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Subscribe to this list via RSS Blog posts tagged in Cernunnos

Cernunnos Shrine June 2017

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Posted by on in Paths Blogs

 

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Posted by on in Paths Blogs

Our last blog post was Part 1 of building the Cernunnos Shrine.  Picking up here right where that one left off….

 

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Posted by on in Paths Blogs
Cernunnos Shrine Part 1

The building of the Shrine to Cernunnos was started in the summer 2016.  But before that, we started raising money for it.  In the fall of 2015, we did an Indiegogo campaign that had 26 backers and raised $3435.

https://www.indiegogo.com/projects/cernunnos-shrine--3/x/11422658#/

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Posted by on in Paths Blogs
The Sanctuary and Taranis

For this blog post, I’m going to talk about two parts of the White Mountain Druid Sanctuary complex (located in Trout Lake, WA) in more detail.  The entire site is called White Mountain Druid Sanctuary, but then on the site is a building called The Sanctuary.  It was actually here before Kirk Thomas started manifesting his vision of the Stone Circle and all that has followed.  


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Posted by on in Culture Blogs
A 1st-Century BCE Gold Cernunnos?

The Horned God is hot right now.

So call me a skeptic if you like, but I'm sorry: some things are just a little too convenient. How do you say "Too good to be true" in Witch?

An item that turned up on E-bay some while back was identified by the seller as a 1st century BCE golden La Tène phalera (harness decoration) depicting the god Cernunnos. Unprovenanced, supposedly from a private collection, it was priced at $7400.

Sorry, I'm not convinced. How convenient that a piece of art—previously, so far as I can tell, unknown to any art historian—depicting this god and none other (arguably the most identifiable god in Keltic mythology) should just happen to turn up in a "private collection."

If genuine, it's a pretty significant artifact, of intense interest to scholarship. If not...well.

The supposed phalera depicts the god in bust, with raised arms and branching (and intertwining) antlers. In his hands the god holds two items identified by the seller as torques, but which look more like curvilinear swastikas. If what he's wearing around his neck is supposed to be a torque, it doesn't resemble any other torque that I've ever seen in Keltic art.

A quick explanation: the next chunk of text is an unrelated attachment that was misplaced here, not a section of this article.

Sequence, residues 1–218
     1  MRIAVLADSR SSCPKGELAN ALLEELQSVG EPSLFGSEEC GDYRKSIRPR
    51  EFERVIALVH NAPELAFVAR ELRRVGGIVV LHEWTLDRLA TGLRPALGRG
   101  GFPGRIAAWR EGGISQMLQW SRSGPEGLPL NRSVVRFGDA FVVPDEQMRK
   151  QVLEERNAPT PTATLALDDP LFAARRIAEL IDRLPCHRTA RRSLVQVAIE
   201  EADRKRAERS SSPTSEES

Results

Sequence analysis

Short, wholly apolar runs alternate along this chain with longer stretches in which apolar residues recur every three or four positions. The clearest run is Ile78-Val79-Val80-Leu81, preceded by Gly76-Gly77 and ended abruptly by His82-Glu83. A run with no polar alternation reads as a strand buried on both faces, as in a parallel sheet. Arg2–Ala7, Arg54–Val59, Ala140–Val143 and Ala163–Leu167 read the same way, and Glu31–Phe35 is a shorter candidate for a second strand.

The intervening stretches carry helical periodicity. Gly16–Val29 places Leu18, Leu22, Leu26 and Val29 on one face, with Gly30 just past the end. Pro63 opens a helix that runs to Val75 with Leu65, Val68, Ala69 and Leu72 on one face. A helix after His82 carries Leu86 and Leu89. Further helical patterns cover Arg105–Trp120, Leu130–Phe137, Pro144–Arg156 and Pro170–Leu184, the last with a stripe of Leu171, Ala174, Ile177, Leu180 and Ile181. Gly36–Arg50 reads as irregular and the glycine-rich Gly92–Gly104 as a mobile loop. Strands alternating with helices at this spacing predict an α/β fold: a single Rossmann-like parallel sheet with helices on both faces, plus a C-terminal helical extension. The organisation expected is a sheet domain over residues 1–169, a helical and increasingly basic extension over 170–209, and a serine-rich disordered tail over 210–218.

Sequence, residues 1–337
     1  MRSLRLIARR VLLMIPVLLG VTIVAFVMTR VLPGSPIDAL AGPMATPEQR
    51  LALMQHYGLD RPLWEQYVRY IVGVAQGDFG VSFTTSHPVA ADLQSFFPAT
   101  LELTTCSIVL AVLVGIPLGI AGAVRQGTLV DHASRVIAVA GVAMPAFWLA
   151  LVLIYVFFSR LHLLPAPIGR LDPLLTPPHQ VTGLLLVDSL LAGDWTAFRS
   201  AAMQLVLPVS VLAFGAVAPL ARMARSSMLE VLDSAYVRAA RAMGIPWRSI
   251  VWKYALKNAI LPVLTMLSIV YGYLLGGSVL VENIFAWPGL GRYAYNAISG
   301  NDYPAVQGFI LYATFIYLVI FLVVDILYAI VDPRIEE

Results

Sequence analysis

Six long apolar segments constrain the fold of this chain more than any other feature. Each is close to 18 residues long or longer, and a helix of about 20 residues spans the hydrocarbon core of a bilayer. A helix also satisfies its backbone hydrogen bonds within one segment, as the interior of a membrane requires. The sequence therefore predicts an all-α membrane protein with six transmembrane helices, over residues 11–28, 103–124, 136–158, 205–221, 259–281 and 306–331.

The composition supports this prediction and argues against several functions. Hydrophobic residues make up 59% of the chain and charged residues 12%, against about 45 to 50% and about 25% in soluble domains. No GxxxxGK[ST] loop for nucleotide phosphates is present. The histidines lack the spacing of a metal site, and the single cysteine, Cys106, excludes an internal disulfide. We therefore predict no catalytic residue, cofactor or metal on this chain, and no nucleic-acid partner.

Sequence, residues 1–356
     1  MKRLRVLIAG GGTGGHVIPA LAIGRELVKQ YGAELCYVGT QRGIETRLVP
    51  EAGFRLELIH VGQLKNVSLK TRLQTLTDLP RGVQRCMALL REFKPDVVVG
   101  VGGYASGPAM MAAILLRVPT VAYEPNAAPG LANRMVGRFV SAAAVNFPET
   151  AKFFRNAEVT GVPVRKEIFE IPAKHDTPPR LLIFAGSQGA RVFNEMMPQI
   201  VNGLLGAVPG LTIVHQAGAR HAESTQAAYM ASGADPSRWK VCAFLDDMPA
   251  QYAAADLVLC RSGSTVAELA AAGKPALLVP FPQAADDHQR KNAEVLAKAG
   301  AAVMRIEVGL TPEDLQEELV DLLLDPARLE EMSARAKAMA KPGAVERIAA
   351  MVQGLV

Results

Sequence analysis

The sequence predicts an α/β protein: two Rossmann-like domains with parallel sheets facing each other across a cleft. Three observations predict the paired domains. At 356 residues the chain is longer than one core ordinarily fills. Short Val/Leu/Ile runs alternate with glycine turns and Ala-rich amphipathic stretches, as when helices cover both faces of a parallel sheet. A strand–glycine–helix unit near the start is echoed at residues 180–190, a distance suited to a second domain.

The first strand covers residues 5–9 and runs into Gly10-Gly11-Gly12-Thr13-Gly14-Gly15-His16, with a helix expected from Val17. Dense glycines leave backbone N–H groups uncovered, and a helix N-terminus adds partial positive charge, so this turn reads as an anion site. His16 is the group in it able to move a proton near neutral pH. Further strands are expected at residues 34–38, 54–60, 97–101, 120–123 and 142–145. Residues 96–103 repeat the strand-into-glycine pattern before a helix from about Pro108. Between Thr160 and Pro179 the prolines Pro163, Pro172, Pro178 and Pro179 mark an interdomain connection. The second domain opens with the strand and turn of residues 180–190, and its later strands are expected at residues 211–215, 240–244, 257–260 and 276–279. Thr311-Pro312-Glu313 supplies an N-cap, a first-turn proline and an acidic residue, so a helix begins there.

And there's something wrong with those antlers, with their wavy tines on both sides of the beam. Image-search "Deer in Keltic art" and see if you can turn up anything like them.

More than anything else, the piece looks like the famous Gundestrup Antlered re-rendered in the form of the god-busts on the same cauldron, made by an artist not quite fluent in Keltic style. It's an interesting coincidence that, of all the "Cernunnoi" known from Keltic antiquity, only this one and the Gundestrup god are unbearded.

Art forgery is a profitable business. Within months of the initial excavations at Knossos, Minoan fakes were readily available on the European art market. Demand was high, and money good.

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  • Mab Nahash
    Mab Nahash says #
    The biggest giveaway is the squashed nose and right side of the face. Clearly that's an attempt to render the battered look of the

Posted by on in Culture Blogs
Stories That Tell Themselves

On March 6, 1710, workmen excavating a crypt beneath the nave of the cathedral of Notre Dame in Paris discovered a number of carved blocks from a Gallo-Roman votive pillar set up by the Guild of Boatmen some time during the first quarter of the first century CE. By far the most famous image from this pillar shows the head of the Gaulish god Cernunnos, bearded and deer-eared, his antlers hung with torcs.

On March 18, 1314, Jacques de Molay, 23rd and last Grand Master of the order of the Knights Templar, was burned at the stake on an island in the Seine River in Paris. The order had been suppressed, seven years previously, on charges of heresy, including the worship of a mysterious bearded Head. De Molay's last request of his executioners is that they tie him so that he can face the Cathedral of Notre Dame as he burns. They grant his request.

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  • Steven Posch
    Steven Posch says #
    Thanks, Troy: we live by our stories. Bwa ha ha.
  • Troy Young
    Troy Young says #
    A superb story indeed and well worth sharing.

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